Prospects for a Helicobacter Pylori Vaccine to Treat Peptic Ulcer Disease

By Czinn, Steven J. | International Journal of Child Health and Human Development, October 1, 2013 | Go to article overview

Prospects for a Helicobacter Pylori Vaccine to Treat Peptic Ulcer Disease


Czinn, Steven J., International Journal of Child Health and Human Development


Helicobacter pylori infection is recognized as a major risk factor for the development of peptic ulcer disease and gastric cancer. Although antimicrobial therapies have been developed, successful eradication of the infection still requires the patient to take a minimum of three medications for 7-10 days. Side effects of this treatment are common, resulting in poor compliance, which reduces the effectiveness of the treatment. Finally the development of antibiotic resistant strains is becoming more common decreasing the efficacy of the therapy.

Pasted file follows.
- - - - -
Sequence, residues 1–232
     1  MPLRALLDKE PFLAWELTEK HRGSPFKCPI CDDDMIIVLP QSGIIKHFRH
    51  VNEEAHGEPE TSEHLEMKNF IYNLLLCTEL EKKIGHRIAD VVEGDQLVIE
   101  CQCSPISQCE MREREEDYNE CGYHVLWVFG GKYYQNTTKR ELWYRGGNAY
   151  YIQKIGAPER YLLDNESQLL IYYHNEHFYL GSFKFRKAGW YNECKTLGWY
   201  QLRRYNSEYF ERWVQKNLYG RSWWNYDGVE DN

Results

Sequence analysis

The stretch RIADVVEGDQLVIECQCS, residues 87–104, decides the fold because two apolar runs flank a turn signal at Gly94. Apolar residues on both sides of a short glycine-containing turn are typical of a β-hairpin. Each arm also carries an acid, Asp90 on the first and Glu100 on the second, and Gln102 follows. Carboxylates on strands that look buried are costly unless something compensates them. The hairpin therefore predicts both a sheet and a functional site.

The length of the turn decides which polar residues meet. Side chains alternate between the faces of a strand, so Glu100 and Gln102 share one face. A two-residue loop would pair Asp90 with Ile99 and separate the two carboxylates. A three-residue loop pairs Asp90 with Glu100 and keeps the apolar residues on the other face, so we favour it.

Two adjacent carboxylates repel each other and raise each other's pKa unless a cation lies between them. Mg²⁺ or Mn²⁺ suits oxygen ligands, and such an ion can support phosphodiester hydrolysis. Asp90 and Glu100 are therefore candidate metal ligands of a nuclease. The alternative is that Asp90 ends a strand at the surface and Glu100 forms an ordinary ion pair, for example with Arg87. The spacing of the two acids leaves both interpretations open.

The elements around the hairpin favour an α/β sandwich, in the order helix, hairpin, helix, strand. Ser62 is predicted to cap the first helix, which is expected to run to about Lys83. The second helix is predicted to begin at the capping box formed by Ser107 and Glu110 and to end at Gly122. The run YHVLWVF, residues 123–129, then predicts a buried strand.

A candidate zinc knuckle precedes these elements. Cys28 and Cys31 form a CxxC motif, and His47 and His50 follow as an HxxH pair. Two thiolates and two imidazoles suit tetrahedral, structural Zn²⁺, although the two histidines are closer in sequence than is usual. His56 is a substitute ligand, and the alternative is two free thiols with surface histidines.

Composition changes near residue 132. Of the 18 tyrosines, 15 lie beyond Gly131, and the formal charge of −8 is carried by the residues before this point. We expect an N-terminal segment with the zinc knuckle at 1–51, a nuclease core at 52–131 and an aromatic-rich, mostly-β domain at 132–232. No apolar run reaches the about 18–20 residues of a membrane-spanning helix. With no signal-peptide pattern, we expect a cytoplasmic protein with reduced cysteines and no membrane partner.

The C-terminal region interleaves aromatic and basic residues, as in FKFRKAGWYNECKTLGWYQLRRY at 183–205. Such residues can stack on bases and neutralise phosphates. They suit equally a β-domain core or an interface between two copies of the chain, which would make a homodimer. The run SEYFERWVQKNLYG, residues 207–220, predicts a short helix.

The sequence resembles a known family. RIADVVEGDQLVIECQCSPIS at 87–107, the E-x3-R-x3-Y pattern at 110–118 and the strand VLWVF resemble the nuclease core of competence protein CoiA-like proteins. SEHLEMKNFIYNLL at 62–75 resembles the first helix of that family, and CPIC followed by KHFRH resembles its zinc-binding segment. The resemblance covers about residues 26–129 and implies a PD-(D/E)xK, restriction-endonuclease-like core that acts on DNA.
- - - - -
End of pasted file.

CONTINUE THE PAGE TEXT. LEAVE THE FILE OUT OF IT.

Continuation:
Efforts to develop a vaccine against Helicobacter pylori began in earnest in 1993. The initial attempts at vaccination were all oral (mucosal) immunizations in an effort to promote a localized mucosal immune response in the stomach. Over the past twenty years, there have been a number of improvements to this approach. There are now a number of H. pylori candidate vaccine antigens that have been used successfully to prevent or cure chronic H. pylori infection in animal models. Newer mucosal adjuvants have also been used that have reduced toxicity in humans. …

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Prospects for a Helicobacter Pylori Vaccine to Treat Peptic Ulcer Disease
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